Sudan’s Bashir reaches a deal with opposition and will form a Unity Government

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Sudanese President Omar al-Bashir delivers a speech during a ceremony to declare an end to 13 years of conflict in Darfur, on September 7, 2016, in the North Darfur state capital El-Fasher. PHOTO | AFP

Sudanese President Omar al-Bashir delivers a speech during a ceremony to declare an end to 13 years of conflict in Darfur, on September 7, 2016, in the North Darfur state capital El-Fasher. PHOTO | AFP

By FRED OLUOCH

Posted  Saturday, October 8

IN SUMMARY

  • The government of national unity, officially known in Sudan as “A National Consensus Government” will be formed within 90 days from the conclusion of the National Dialogue Conference on Monday.
  • Five heads of state have been invited and are expected to give President al-Bashir moral support as he makes the announcement that is likely to change the politics of the country since he came to power after a coup in 1989. They are Chadian President Idriss Deby, Mauritanian President Mohamed Ould Abdel Aziz, Egyptian President Abdel Fattah el-Sisi, Ethiopian Prime Minister Hailemariam Desalegn and Ugandan President Yoweri Museveni.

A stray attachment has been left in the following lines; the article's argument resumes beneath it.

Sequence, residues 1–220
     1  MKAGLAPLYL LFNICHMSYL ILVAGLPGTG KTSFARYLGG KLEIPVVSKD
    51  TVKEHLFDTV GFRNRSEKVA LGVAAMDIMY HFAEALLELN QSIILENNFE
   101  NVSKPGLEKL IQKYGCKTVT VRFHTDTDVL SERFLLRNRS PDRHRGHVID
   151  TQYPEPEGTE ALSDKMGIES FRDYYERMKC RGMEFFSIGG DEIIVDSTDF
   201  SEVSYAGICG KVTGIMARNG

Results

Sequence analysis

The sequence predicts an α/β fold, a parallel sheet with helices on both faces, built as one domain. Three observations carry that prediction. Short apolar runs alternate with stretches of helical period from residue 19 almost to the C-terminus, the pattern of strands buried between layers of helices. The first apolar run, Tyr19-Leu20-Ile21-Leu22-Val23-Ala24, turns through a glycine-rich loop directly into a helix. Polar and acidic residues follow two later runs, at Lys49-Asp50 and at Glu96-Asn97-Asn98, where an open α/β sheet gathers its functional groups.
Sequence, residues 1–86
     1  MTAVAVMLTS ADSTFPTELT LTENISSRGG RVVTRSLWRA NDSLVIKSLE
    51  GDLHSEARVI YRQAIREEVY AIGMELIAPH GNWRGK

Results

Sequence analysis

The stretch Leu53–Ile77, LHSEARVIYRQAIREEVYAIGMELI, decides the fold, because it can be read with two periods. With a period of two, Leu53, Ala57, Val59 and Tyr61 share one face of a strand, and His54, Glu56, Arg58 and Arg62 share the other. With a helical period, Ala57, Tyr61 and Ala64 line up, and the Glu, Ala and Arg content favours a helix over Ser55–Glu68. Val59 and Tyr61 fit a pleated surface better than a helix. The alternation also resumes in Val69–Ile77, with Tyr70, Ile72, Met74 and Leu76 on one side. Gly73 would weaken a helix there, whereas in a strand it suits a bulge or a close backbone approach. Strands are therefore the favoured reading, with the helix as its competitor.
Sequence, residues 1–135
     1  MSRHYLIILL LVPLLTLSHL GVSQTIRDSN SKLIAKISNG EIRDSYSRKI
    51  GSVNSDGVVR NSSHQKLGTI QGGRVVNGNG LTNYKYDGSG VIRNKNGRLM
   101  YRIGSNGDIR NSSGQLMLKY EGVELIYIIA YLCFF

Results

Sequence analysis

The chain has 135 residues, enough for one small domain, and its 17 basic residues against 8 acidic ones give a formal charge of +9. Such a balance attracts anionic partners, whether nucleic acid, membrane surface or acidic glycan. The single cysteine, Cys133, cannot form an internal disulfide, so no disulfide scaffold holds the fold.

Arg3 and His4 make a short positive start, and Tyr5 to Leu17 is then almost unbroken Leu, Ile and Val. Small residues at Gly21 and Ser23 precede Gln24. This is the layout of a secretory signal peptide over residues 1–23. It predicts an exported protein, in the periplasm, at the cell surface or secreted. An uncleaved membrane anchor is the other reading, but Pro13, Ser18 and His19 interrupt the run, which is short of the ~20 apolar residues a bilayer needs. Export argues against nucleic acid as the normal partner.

• President al-Bashir launched the National Dialogue in 2014 to reach out to the opposition and end the political instability and rebellion in Southern Kordofan, Blue Nile and Darfur.

Sudan President Omar al-Bashir will form a government of national unity, bringing the opposition into the fold after two years of negotiations between his ruling National Congress Party (NCP) and other parties.

Officials in Khartoum said the president was expected to announce the unity government’s structure on October 10 at the National Dialogue conference in the capital city, where resolutions on a “New Sudan” will be read.

The government of national unity, officially known in Sudan as “A National Consensus Government” will be formed within 90 days from the conclusion of the National Dialogue Conference on Monday.